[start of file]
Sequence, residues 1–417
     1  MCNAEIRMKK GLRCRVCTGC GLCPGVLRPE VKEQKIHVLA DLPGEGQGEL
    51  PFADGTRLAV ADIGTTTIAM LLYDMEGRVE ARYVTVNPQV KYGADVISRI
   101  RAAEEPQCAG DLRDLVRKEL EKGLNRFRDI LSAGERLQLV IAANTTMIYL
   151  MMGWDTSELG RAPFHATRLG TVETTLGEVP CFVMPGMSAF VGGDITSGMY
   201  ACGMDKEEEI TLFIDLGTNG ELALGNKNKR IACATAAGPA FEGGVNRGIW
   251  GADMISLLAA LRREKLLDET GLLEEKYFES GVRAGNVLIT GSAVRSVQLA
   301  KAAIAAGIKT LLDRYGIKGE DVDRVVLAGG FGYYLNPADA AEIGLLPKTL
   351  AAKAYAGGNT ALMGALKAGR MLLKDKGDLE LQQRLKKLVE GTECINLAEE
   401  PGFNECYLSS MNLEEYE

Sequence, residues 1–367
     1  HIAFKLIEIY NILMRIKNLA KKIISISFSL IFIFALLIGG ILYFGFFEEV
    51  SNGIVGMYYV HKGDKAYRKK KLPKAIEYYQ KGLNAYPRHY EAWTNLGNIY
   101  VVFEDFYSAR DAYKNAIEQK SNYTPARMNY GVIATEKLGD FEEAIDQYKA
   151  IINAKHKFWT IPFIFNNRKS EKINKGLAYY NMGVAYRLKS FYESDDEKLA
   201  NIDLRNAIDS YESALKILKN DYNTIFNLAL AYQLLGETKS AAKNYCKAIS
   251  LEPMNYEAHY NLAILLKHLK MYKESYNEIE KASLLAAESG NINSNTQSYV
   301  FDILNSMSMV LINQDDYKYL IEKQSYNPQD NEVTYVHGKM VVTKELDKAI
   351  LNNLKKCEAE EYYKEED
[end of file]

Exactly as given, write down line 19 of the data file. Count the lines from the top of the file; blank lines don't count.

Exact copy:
   351  LNNLKKCEAE EYYKEED